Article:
I think this is more light than Chaos, more simple, more streamlined and straightforward conflict. A bit of take that with the battle cards but still light enough to move on, where Chaos more on the long run side. The complexity of asymmetric elements are not that high as Chaos is, also clever plays are short and instant unlike Chaos which requires long run plan and commitment.

The downsides are storing the game with those fragile (looks like it, more if you pain them all) minis. The game comes with some plastic inserts and for me these are good enough. But getting all of the minis (including the expansions and exclusives) into the core box are impossible, so there you go another thing to solve. The leaders are hard to differentiate against warriors. So even with colored plastic base, it’s not helping players to mistakenly recognize units as leaders and vice versa.
Some combos can be overkill and devastating, which once formed are not easy to counter. But overall having this big bad monster in my collection is heavenly feeling!

 
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4
Canada
9
88 of 125 gamers found this helpful
“Blood Rage - Critique en français”

WARNING: This post contains french! 🙂

——————

Aux yeux des Vikings, la seule bonne façon de mourir était de périr au combat! Vaincus ou défaits, les combattants iront tous au Valhalla! Ces peuples nordiques croyaient effectivement que les morts iraient rejoindre différents endroits célestes selon la façon dont ils étaient passés de vie à trépas. Votre clan écrira-t-il l’Histoire? Votre clan se démarquera-t-il par la gloire obtenue à travers les âges? Jouer une partie de Blood Rage est l’unique façon de le savoir!

Quel jeu!
Après le premier draft, on a l’impression d’être un peu perdu, on ne sait pas trop si on a fait de bon choix de cartes, si on mise sur les bonne stratégies, on ignore ce qui donne des points, on pense uniquement à maximiser notre présence militaire sur le plateau… et on se plante! Après une première partie complète, on a l’impression que certains trucs sont débalancés et que le jeu repose sur le hasard et le chaos. FAUX! Il faudra donner une seconde chance au jeu si c’est le sentiment que vous avez ressenti, car dès la deuxième partie, on saisi beaucoup mieux l’enjeu et on commence à connaître les cartes. On pourrait le comparer grossièrement à Kemet, surtout pour l’aspect d’area control et de cartes à mettre en jeu lors des phases de combat. Toutefois, la ressemblance s’arrête là. Ce n’est pas toujours la victoire au combat qui vous rapportera le plus de points dans Blood Rage. Vous l’apprendrez bien assez vite!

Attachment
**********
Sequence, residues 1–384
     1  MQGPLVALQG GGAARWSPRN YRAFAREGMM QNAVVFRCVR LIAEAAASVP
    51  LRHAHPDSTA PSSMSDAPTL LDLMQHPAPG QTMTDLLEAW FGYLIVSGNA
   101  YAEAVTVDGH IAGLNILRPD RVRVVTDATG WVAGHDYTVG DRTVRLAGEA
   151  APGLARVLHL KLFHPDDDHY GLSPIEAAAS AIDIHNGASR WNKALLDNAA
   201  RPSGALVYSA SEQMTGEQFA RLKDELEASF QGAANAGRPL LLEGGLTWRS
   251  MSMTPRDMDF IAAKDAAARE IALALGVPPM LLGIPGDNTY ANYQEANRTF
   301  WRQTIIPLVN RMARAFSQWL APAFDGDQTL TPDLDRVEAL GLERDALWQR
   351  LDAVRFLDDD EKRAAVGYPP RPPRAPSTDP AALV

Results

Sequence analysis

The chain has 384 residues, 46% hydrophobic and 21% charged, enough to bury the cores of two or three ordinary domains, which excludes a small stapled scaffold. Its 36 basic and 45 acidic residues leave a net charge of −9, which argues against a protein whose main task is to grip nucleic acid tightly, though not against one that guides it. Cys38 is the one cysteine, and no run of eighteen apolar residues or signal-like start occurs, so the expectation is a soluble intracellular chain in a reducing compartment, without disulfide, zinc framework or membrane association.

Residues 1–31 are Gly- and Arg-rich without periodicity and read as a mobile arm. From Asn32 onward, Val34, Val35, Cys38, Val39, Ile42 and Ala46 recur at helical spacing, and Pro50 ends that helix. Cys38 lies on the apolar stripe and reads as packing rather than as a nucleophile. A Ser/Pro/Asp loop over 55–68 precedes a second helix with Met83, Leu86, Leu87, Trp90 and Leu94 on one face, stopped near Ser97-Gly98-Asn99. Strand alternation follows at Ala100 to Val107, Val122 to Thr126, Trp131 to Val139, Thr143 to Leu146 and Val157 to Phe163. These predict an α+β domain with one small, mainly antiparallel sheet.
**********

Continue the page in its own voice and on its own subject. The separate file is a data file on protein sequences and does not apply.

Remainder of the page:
Je me permet de partager ici deux de mes vidéos où j’expose le jeu et ses règles en français et où je discute plus en profondeur de mon avis sur ce dernier (en plus de vous montrer les figurines)!

Règles:
https://www.youtube.com/watch?v=jJ_NZIyL_1E

Avis personnel:
https://www.youtube.com/watch?v=d4h9Ln1repo

 
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2
I'm a Real Person
10
3 of 7 gamers found this helpful
“So much... ¡ FUN !”

Components: Ok, we all know the miniatures in this game are SUPERB. I like the cards being small and manageable. The tokens are kind of meh, they are very small and I’m always affraid someone will lose one of them. But they fulfill their purpose.
Gameplay: Blood Rage SHINES here too. I really like the draft mechanic at the beginning of each round. For me, It’s like 2 games in one. Draft first, action, fight and blood then. Another think I like is that you never know who’s gonna win until the end. For example, I had a game where a friend (M) and I ended the first age with 3 glory and another friend (N) had 25. I was having a lot of fun, but thought I had no chance to win. At the end of the game, N reached 68 glory, I reached 72 and M had 78 !! I LOVED that, and also loved that each one of us used a different strategy. N focused on pillaging, M on winning battles and I on losing them !
You know you like a game when you are thinking when are you going to play it again while you are still playing it!

 
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6
 
9 of 38 gamers found this helpful
“I have Rage”

My friend has this game and it is very good the people on the Dice castle said that it is a very good thing and I really wanted to play the game. This game was on the Kickstar and my friend only has it from a store so we tried to figure out what the Kickstar was and we didnot have all the things. It is a nice game but how can it be a good game if only on Kickstar you play with all the things and that gives me the RAGE!